Ricardo Barreto and Maria Hsu Rocha

Tactila is an art form whose medium is the sense of touch (tact) which is independent from the all the other ones and has its own intelligence, imagination, memory, perception, and sensation. It is well known that vision and sound have hegemony in arts and in other disciplines. Tactila takes place in time and, therefore, can be recorded and have various forms of notation for subsequent executions. That is why its development became possible only now, thanks to mechatronic and robotic systems which are compatible with machine languages.
The creation of tactile works involves a (tact) composition, which can be made through handmade notation and played on a keyboard or directly on the computer of the tactile machine ( robot ).
Tactile machines can present numerous tactile possibilities through points, vectors, and textures with varying rhythms and intensities, and be run in different extensions and locations of our body.


The first tactile machine is called “Martela”. It is a tactile robot comprised of 27 engines subdivided into three squares (3 x 3), i.e., each square has 9 engines. Each engine corresponds to a matrix point, so we have 27 tactile units that allow to touch the user’s body with various intensities.


feel Me tactile interactive bed
File Festival
“feelMe” is a work that for the first time remotely transmits the tactile sensation. Our work provokes the exploration of the sense of touch while promoting the interaction between two people mediated by a machine. The work is constituted of two surfaces, or “beds”: the first one (tactile transmission unit), in which one of the participants, layed down, imprints marks to its surface by pressing it with the weight and movement of the different parts of his/her body; these impressions will be captured and transmitted to the other participant, who lies in the second “bed” (tactile reception unit) and receives them simultaneously in the same positions and in proportional intensities, however, in negative, that is, when the surface in the first bed sinks, it rises in the second one, promoting a touch. The first body touches the second one, and the “beds” may be a few meters or thousands of kilometers apart from each other. Between the bodies, dozens of occult sensors, microcontrollers, engines (lineal actors), computers and a program that orchestrates that tactile communication. We allow the participant to experiment the possibilities of encounter between bodies through the digital world, with a different approach from the one provided by virtual reality. We want to explore the tactile perception separately in its “corporal way”, and only in future works to propose the expansion/extension of multimedia perception with the inclusion of tactile perception.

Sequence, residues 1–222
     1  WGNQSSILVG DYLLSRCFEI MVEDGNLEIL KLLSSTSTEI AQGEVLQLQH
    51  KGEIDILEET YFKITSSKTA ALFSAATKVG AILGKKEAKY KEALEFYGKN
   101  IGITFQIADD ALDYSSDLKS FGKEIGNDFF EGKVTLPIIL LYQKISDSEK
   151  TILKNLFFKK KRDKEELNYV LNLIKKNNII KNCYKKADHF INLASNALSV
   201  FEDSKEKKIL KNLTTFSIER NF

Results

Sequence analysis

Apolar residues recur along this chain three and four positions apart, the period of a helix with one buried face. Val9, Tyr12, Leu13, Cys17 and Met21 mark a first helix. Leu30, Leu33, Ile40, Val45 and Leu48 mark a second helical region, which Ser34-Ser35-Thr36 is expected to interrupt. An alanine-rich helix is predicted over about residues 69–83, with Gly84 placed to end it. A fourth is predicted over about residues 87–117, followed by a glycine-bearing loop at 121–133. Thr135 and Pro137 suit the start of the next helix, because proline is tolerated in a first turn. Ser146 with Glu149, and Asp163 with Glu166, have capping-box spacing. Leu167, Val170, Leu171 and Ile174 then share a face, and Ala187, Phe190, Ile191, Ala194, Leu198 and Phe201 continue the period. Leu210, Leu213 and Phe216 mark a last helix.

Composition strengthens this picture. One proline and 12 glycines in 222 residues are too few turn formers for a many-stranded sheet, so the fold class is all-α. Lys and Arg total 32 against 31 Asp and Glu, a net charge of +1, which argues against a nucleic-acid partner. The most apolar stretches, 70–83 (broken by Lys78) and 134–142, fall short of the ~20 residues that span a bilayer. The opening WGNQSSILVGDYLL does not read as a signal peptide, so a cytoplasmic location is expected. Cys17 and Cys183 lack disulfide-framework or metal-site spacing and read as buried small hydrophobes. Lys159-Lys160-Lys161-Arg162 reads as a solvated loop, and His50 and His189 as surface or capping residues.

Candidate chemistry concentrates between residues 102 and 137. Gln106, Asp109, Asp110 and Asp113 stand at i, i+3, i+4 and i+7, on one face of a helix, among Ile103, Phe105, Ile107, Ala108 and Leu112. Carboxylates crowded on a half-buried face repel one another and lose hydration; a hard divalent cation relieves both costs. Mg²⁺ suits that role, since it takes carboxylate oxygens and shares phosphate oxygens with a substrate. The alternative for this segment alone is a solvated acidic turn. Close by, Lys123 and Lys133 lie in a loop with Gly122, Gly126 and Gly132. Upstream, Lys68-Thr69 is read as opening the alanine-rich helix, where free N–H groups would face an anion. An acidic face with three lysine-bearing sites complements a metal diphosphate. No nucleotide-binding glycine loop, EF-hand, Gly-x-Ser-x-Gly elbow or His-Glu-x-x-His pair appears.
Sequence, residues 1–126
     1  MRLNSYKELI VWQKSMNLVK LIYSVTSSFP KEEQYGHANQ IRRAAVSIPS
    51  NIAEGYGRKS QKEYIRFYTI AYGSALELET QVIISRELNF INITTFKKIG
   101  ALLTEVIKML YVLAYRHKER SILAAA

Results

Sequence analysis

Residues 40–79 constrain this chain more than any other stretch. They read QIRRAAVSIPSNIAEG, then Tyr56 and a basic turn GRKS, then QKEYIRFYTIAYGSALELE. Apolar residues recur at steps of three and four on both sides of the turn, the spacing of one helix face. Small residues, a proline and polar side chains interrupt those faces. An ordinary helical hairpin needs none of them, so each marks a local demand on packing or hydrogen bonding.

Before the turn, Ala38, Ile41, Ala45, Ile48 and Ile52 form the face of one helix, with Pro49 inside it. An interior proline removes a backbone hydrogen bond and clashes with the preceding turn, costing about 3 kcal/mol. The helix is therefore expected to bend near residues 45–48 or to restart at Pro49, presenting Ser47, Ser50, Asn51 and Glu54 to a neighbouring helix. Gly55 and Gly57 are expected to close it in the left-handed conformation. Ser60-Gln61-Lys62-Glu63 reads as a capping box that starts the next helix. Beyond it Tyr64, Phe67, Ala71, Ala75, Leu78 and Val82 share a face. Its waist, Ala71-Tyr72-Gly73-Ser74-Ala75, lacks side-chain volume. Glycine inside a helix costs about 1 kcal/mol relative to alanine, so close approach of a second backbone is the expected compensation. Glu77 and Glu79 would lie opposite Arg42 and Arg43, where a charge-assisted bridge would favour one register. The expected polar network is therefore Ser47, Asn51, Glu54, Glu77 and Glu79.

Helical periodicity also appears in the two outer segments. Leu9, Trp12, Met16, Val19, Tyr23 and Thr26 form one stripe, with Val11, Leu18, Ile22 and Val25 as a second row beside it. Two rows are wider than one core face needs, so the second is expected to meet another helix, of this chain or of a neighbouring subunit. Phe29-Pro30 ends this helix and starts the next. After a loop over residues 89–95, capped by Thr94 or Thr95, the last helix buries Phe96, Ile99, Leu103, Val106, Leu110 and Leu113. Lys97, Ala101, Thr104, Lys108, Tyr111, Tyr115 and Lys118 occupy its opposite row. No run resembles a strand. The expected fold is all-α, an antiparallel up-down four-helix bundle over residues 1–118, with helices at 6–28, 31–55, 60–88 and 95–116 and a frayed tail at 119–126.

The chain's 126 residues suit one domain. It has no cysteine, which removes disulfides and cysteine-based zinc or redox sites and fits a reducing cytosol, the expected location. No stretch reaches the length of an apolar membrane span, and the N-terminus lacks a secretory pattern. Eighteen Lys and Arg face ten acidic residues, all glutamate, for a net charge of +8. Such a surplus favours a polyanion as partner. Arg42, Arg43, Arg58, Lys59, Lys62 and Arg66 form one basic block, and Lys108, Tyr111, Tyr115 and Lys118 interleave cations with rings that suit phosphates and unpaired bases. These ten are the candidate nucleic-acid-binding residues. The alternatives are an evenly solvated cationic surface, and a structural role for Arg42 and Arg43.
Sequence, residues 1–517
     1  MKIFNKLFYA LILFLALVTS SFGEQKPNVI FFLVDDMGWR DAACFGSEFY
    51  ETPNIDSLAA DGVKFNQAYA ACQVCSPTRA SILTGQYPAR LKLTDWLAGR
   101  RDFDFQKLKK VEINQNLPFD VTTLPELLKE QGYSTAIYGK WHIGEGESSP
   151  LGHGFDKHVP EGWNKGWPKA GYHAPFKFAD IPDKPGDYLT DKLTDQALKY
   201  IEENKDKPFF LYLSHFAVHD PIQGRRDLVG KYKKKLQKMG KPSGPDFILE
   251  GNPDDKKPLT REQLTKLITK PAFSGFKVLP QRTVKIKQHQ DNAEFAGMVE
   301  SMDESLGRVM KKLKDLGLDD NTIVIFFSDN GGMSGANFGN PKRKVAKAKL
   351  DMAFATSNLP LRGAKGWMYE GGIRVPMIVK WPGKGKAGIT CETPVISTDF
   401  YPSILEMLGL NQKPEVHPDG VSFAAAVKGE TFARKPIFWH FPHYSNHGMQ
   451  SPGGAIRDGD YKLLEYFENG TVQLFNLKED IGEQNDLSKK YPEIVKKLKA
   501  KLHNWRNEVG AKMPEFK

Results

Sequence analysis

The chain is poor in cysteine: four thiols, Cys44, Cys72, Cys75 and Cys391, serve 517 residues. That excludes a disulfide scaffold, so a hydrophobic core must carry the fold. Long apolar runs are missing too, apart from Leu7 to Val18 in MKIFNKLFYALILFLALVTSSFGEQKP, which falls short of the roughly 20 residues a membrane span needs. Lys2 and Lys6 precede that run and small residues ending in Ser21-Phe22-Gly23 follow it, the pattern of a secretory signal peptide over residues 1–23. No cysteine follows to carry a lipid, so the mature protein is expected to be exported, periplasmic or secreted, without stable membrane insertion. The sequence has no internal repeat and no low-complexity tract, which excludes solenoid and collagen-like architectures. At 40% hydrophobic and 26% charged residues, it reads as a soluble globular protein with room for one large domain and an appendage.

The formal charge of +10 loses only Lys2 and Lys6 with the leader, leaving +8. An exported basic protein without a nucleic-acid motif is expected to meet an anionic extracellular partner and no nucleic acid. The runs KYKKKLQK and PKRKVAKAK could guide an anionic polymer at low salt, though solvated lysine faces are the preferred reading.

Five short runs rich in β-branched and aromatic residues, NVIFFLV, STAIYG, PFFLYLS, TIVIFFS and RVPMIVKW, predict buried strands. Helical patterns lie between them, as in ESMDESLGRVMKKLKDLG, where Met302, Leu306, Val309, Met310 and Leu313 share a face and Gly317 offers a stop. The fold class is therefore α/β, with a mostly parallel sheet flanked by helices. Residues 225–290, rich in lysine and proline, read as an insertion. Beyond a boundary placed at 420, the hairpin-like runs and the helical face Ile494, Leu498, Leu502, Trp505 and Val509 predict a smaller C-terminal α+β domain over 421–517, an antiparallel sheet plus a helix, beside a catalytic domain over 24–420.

Upload not complete
The work magnifies the process of virtual and real fusion, which is the process of uploading human consciousness to digital space. When the visual perception has been lost, can people still recognize the body through the touch and sound of wind, sound and vibration everywhere? Experiencers use non-visual senses, experience media art, and cooperate with the Taiwanese Non-Visual Aesthetic Education Association to create a digital space where the computer can fully understand the location of the experiencer in the space, allowing the experiencer to listen, move, touch objects, feel the vibration and come to know the space.


sound cloud